# coef=cc_lr.coef_

# intercept = cc_lr.intercept_

print('\nAs it could be seen from the list of coefficients above, feature 1 has more impact, almost 12x, on "passed_exam" than the other feature.')
print()
print()
# Print out the predicted outcomes for the test data

print(cc_lr.predict(X_test))

# Print out the predicted probabilities for the test data

print(cc_lr.predict_proba(X_test))

print()

print()

print(cc_lr.predict_proba(X_test)[:,1])

print()

# Print out the true outcomes for the test data

print(y_test)
``````

Console:

``````    hours_studied  practice_test  passed_exam
0               0             55            0
1               1             75            0
2               2             32            0
3               3             80            0
4               4             75            0
5               5             95            0
6               6             83            0
7               7             87            0
8               8             78            0
9               9             85            1
10             10             77            1
11             11             89            0
12             12             96            0
13             13             83            1
14             14             98            1
15             15             87            1
16             16             90            1
17             17             92            1
18             18             92            1
19             19            100            1

Coefficients:  [[1.5100409  0.12002228]]

Intercept:  [-0.13173123]
Coefficient for hours_studied [feature 1]:  1.5100409021782504
Coefficient for practoce_test [feature 2]:  0.12002227802788998

As it could be seen from the list of coefficients above, feature 1 has more impact, almost 12x, on "passed_exam" than the other feature.

[0 1 0 1 1]
[[0.67934073 0.32065927]
[0.2068119  0.7931881 ]
[0.94452517 0.05547483]
[0.42252072 0.57747928]
[0.12929566 0.87070434]]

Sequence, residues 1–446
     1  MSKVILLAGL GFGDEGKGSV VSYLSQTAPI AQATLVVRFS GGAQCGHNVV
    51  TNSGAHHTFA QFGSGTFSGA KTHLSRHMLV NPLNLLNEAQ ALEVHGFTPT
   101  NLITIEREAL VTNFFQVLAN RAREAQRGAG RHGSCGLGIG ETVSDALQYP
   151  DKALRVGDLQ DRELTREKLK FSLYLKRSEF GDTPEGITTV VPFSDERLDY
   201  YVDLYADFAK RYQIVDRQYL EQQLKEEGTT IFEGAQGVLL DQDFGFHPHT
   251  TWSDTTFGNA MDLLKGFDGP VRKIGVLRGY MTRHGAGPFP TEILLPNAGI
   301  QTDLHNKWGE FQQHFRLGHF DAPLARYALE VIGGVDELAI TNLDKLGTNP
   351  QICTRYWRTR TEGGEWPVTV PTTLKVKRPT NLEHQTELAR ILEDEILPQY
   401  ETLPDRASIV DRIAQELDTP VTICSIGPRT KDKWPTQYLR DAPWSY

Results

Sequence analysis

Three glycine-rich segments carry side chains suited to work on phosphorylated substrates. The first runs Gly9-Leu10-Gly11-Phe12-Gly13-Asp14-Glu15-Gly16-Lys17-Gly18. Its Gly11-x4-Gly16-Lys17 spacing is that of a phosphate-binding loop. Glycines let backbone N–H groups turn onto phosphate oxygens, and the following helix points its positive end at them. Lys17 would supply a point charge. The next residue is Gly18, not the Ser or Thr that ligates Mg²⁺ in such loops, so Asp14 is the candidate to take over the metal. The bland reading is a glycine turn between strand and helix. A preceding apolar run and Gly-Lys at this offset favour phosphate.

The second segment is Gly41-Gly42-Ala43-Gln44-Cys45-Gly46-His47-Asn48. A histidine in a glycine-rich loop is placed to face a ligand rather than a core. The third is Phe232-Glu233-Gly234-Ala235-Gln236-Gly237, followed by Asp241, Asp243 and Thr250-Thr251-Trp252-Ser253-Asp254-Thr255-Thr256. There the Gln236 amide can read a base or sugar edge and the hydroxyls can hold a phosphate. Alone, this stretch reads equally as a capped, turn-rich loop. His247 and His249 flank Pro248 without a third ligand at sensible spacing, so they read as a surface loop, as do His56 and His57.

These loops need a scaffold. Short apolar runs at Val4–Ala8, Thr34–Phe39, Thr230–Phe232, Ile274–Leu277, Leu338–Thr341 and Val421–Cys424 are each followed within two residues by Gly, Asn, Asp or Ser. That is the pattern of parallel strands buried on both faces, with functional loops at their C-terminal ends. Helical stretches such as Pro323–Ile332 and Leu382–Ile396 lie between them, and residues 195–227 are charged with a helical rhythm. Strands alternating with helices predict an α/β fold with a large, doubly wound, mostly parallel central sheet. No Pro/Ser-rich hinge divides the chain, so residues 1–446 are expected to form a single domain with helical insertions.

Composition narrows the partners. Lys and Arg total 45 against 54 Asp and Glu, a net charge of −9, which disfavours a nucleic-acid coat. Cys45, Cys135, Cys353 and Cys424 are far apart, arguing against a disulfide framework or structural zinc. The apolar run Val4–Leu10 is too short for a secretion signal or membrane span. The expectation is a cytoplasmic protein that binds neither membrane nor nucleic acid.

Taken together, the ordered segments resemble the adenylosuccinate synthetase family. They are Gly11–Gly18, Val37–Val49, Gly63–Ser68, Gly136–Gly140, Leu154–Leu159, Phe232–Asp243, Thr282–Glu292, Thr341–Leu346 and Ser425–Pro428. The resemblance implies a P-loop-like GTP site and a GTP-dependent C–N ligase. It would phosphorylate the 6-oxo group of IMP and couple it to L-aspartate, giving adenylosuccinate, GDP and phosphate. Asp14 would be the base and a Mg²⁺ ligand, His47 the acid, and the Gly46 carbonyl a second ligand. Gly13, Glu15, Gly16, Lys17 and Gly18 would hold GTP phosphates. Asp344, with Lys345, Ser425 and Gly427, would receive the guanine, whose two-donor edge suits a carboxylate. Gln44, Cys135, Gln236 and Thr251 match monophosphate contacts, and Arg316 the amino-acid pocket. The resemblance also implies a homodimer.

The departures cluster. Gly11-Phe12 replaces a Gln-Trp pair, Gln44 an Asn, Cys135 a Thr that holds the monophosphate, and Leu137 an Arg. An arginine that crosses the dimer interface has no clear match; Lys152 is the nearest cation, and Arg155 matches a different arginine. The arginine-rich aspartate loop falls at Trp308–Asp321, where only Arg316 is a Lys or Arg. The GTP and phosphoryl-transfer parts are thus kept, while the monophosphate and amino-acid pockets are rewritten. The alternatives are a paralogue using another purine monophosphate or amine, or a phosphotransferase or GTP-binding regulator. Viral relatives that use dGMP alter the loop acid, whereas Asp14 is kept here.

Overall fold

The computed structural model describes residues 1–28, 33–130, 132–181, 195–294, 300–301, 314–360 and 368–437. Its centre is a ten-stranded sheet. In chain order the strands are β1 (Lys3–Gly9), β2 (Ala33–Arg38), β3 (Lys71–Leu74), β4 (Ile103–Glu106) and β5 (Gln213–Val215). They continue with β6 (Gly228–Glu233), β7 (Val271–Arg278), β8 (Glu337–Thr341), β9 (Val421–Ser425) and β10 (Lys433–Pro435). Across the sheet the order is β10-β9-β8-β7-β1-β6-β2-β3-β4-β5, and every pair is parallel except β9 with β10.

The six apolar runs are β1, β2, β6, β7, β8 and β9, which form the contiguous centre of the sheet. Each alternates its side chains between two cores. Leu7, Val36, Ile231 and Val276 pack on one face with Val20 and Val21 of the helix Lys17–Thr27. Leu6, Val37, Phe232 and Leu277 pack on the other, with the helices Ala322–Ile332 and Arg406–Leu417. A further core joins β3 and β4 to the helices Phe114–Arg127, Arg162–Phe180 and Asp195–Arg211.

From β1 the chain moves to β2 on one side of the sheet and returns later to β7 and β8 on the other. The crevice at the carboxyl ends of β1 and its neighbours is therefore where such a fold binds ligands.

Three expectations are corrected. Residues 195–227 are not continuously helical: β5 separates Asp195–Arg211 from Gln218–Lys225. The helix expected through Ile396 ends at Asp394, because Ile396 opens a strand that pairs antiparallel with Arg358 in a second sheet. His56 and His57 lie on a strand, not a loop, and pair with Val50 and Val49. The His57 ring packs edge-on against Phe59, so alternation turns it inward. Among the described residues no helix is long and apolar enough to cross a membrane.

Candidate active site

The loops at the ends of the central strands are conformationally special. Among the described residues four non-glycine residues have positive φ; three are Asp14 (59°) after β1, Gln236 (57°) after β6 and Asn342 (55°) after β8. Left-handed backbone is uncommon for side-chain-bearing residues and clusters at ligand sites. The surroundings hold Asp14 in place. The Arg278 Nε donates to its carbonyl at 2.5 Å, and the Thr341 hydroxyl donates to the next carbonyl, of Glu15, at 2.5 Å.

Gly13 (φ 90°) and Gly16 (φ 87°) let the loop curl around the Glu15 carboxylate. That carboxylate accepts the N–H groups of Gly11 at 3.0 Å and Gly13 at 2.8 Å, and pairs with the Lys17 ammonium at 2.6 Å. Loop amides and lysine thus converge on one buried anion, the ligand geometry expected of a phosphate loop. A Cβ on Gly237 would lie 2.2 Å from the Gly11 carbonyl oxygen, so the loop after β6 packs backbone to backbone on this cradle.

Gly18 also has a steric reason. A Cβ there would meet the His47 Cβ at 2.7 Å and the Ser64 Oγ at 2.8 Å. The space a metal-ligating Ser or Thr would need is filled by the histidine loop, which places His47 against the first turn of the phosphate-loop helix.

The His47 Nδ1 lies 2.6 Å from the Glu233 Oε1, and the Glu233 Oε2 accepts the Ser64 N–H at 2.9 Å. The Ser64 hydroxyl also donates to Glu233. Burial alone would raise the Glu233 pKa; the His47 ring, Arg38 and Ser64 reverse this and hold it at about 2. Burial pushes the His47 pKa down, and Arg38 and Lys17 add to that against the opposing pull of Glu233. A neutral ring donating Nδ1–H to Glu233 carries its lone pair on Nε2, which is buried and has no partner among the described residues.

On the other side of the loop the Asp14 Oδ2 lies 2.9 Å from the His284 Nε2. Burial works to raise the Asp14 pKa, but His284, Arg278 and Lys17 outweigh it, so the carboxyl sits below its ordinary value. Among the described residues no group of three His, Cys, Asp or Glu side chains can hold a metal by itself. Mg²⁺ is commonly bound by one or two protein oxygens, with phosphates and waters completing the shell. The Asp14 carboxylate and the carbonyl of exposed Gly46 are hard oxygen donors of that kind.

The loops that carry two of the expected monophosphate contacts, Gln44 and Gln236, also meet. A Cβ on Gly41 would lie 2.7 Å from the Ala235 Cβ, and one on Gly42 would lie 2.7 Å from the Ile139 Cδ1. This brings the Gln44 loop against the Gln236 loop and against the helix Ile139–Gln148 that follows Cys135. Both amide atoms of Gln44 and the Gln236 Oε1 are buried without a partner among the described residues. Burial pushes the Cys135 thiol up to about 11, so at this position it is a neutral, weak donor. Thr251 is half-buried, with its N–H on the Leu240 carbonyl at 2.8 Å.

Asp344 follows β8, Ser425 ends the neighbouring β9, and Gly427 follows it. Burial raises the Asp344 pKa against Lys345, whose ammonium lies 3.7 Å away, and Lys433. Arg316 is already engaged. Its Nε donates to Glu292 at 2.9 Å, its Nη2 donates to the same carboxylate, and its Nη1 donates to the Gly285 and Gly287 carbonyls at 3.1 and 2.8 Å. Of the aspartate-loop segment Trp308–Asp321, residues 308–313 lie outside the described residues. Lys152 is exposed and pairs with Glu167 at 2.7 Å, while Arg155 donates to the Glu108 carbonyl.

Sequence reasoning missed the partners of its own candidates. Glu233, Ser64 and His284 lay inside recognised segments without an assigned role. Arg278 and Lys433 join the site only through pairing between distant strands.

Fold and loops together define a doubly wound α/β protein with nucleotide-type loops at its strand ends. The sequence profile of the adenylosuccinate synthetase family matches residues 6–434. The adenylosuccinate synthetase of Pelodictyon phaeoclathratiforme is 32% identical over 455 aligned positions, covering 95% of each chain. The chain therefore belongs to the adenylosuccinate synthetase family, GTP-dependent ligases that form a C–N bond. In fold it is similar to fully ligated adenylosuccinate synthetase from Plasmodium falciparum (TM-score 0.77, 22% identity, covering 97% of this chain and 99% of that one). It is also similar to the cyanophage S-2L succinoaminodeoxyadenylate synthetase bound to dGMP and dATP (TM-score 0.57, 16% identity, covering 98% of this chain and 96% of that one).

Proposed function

[0.32065927 0.7931881  0.05547483 0.57747928 0.87070434]

7     0
15    1
0     0
11    0
17    1
Name: passed_exam, dtype: int64
``````

I got the answer to my issue.
My mistake was assuming that the array returned from predict_proba() method is depicting the features in a way that the first column is representing “hours_studied” and second column representing “practice_test”, whereas, the first column is the negative probability and the second column is positive probability. Therefore, it’s only the second column that should be counted, and it’s representing the probability of features altogether.

Now, the issue for me is that how the probabilities are calculated.
Following is a list of standardized (scaled) values of X (‘hours_studied’ & ‘practice_test’).
Considering the equation aX+b, then multiplying the coefficients of the features with the features and summing them and adding intercept, an shown in an example below, not only is not equal to the probability, but also its absolute value is larger than 1.

``````[[-1.64750894 -1.79313169]
[-1.47408695 -0.48666051]
[-1.30066495 -3.29557355]
[-1.12724296 -0.16004272]
[-0.95382097 -0.48666051]
[-0.78039897  0.81981066]
[-0.60697698  0.03592796]
[-0.43355498  0.29722219]
[-0.26013299 -0.29068984]
[-0.086711    0.16657508]
[ 0.086711   -0.3560134 ]
[ 0.26013299  0.42786931]
[ 0.43355498  0.88513422]
[ 0.60697698  0.03592796]
[ 0.78039897  1.01578134]
[ 0.95382097  0.29722219]
[ 1.12724296  0.49319287]
[ 1.30066495  0.62383999]
[ 1.47408695  0.62383999]
[ 1.64750894  1.14642846]]
``````

Intercept: [-0.13173123]
Coefficient for hours_studied [feature 1]: 1.5100409021782504
Coefficient for practoce_test [feature 2]: 0.12002227802788998

Example for the first row of the list above:
(coef_of_feature 1 * scaled_feature_1) + (coef_of_feature 2 * scaled_feature_2) + intercept
(1.5100409021782504 * (-1.64750894) ) + (0.12002227802788998 * (-1.79313169) ) + -0.13173123
is equal to -2.7030216363421332345300422,

while the probability of the first row is 0.32065927.

I would like to ask, how does -2.7030216363421332345300422 transform into probability of the first row 0.32065927, what kind of calculations does it go through in the process? Thank you.